I know that the graph looks very mathematical but I promise you there will be no maths at all in this post!
I posted a few days back about the Penguin, asking “is it a penalty or a devaluation of links” and in it I promised to talk about an idea I’ve been mulling over for a while now, I’ve decided to call it “Website tuning” (or maybe it should be “link tuning” or “SEO tuning”?) since I got the idea from my background in electronics.
Basically it’s a theory about how Google might look at links to your website and assign a value to them, in other words it’s about how they rank websites and how they decide who goes to the no.1 spot.
So let me explain. Suppose that there’s a page on a website somewhere that’s linking to your website as well as 3 other websites.
If we imagine that the page containing the links is a PR4 page (we’ll use Page Rank as the value although I don’t think Page Rank is a good measure – I’ll do a post on that later this week [here it is]), then we assume that the “juice” from this page will be passed equally between the 4 links – so for the sake of simplicity your website would get a PR1, and the other 3 sites would also get a PR1 from their links.
But what if Google do not assign the value from the page equally between the links, but rather share it depending on how well matched your website is to the link, or in other words how well tuned your website is to the link (or the page giving the link), or maybe even how well trusted your website is by Google.
So you could get the scenario where one of the 4 links takes 90% of the value, another 2 take 5% each, and the 4th one gets nothing.
It might sound unlikely, but this is similar in nature to an algorithm that Google bought called the “Hilltop Algorithm” which calculates a score for links from authority sites depending on how relevant they are to the content of the (giving) page.
My theory is slightly different in that it isn’t just about relevance of the page giving the link, but also about the “value” assigned to the receiving website and covering those words that Matt Cutts keeps repeating, words like “authority”, “trust”, and “reputation”, plus I’ve been thinking about how all of this might tie into the Google Penguin.
To picture this better you might think of your website as a bit like a radio, with a bunch of dials and knobs on the front that represent various attributes that Google deems important.
If you want to pick up a transmission from a particular radio station then you adjust the knobs until you can hear the music (in other words you tune it!), if you get it exactly right you get a nice clear and loud signal, but if your tuning is off then you hear crackling and hissing as you’re not getting a full strength signal.
If you’re completely detuned then you hear nothing at all.
So, imagine a scenario where you have a website that’s doing well, it’s ranking on Google and everything is fine until one day Google run their Penguin update, find you’ve done something they don’t like, and suddenly your website is nowhere to be seen.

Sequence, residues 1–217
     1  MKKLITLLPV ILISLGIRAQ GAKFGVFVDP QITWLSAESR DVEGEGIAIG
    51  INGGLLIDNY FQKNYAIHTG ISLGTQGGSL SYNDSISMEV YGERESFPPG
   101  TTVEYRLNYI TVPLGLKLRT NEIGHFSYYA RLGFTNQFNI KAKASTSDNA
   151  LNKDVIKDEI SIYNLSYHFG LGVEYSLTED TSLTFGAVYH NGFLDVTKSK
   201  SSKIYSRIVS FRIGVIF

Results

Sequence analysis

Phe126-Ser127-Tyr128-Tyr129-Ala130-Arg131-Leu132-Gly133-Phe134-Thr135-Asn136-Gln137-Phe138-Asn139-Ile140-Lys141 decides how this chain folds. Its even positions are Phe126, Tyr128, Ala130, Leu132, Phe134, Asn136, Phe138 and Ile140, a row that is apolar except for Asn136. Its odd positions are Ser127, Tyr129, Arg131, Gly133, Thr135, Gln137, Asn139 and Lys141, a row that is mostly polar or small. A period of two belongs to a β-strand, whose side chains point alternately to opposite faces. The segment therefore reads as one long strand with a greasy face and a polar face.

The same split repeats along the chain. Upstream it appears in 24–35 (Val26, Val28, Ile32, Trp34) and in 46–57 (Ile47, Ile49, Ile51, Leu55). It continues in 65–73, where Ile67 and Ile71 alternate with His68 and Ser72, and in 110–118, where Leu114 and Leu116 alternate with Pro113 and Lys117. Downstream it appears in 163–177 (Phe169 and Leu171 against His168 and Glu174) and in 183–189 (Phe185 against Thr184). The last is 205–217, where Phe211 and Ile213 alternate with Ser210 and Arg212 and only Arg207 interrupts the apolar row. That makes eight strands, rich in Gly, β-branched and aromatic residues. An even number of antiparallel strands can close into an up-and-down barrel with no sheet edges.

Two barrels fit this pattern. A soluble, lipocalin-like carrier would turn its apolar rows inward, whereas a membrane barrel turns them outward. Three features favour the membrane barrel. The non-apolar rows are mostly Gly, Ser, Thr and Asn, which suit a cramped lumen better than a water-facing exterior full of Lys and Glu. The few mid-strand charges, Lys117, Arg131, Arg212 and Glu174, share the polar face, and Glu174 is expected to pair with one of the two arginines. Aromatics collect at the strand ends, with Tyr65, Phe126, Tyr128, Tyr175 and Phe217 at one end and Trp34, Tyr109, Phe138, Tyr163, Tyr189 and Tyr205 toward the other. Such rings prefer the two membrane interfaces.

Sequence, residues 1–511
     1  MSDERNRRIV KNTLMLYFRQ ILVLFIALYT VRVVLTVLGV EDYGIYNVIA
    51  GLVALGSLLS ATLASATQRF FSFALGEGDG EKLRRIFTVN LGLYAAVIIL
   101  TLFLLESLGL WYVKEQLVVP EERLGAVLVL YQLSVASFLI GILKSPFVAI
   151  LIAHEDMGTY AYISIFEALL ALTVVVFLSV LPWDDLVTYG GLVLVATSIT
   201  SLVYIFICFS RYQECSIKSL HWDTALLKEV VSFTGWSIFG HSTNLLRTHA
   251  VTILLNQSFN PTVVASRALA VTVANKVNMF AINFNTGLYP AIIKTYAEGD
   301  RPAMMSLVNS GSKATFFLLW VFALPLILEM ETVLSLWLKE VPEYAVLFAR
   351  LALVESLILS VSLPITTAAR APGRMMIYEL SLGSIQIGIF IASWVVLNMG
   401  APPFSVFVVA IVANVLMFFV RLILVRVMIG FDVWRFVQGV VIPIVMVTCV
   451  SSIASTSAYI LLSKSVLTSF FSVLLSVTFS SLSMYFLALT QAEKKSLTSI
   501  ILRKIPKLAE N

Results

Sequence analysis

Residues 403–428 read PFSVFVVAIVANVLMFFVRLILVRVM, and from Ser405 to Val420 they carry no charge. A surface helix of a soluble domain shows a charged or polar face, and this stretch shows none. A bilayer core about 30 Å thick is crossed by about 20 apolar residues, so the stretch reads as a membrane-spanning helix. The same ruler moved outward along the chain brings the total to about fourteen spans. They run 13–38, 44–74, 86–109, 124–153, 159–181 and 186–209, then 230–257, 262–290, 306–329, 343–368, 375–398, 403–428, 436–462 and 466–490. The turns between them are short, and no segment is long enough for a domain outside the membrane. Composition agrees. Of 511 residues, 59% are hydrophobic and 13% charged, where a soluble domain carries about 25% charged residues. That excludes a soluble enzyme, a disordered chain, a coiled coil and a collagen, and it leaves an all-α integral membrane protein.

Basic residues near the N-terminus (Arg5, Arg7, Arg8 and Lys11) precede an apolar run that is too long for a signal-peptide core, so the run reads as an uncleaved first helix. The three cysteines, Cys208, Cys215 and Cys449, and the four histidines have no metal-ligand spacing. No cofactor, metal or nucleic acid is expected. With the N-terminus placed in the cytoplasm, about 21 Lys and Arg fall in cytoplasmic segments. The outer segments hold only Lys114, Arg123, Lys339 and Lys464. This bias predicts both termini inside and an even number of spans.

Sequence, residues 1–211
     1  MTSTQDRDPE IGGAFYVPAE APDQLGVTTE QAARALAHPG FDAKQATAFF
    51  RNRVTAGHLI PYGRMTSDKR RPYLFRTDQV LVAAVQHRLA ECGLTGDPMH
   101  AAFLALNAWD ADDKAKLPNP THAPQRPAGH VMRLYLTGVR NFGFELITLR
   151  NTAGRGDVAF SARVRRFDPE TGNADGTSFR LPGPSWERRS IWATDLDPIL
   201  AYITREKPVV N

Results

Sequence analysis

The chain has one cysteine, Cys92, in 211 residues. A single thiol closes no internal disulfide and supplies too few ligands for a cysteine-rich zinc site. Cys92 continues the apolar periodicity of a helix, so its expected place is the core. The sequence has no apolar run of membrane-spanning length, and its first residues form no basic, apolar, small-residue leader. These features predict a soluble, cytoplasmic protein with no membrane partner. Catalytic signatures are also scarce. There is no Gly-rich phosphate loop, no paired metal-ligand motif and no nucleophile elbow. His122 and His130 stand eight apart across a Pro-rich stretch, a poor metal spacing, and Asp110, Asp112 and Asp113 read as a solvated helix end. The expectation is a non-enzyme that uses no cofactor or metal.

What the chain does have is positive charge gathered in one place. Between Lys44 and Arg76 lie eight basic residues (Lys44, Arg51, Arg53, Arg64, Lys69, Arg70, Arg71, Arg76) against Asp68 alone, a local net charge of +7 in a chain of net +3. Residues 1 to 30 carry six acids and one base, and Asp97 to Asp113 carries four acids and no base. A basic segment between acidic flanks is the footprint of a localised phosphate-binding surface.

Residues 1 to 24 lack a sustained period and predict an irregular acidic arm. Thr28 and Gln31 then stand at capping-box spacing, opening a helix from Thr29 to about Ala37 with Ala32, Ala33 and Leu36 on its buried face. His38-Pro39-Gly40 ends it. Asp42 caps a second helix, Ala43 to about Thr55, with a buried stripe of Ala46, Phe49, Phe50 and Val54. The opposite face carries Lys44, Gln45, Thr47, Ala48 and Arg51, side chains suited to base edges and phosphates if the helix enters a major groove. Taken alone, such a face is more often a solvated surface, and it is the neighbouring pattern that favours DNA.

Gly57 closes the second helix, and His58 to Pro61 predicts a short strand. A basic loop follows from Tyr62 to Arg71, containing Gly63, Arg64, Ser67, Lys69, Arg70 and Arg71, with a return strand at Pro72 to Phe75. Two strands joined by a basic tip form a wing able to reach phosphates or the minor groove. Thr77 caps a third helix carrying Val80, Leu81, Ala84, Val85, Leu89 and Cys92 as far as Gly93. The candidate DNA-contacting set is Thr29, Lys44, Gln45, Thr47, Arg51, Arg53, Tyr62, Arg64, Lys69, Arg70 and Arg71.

It doesn’t have to mean that they have devalued all of your links, or that they’ve penalised your website, but rather they’ve just adjusted the knobs and de-tuned your website so that the links that you do have all pass far less power than they did before.
I would imagine in this situation that the knobs that Google would turn down would be the ones marked “trust” and maybe “reputation”, and so unless you can convince Google to turn those dials back up again it doesn’t matter how many links you build, how many new posts you add to your website, or how many other things you try – they just won’t work.
Of course there may be other dials like “relevance”, “content quality”, etc which might have varying degrees of importance, but the bottom line is that if you have no trust you have pretty much nothing at all.
And ironically of course the thing that’s probably caused your website to be detuned is… bad links!
The only way to recover from this would be to apply to Radio Google’s disavow team after cleaning up your links and seeing if you can regain their trust again, although it’s doubtful they’d turn the trust dial back up to where it was before.
Conversely to this then consider a situation where you have a website with X number of links already pointing to it, and where you manage to do something to improve your trust, reputation, etc.
Now when Google looks at a page linking to your website, it sees that your website is really well tuned, far better than any of the other sites getting a link from that page, and so you get most of the link juice – all of those existing links would now pass far more juice and you’d rank higher.
If this is right-ish and you consider trust, reputation, etc to be integral parts of a website’s optimisation, then this aspect of on-site SEO is possibly the most important factor that you need to consider.
Think about respected authority sites like CNN, the BBC, or other “big” sites within any given niche who add a story about some topic to their website, and they automatically rank at or near the top of page 1 immediately – with no external backlinks at all.
So the main question that you need to answer then is what do you need to do to increase the trust, reputation, authority, etc dials on your website, because in doing so you ensure that any and all existing and future links to your website will do far more for your rankings, and if you can get those dials turned up far enough you might even be able to rank with no backlinks at all.
The answer is simple isn’t it?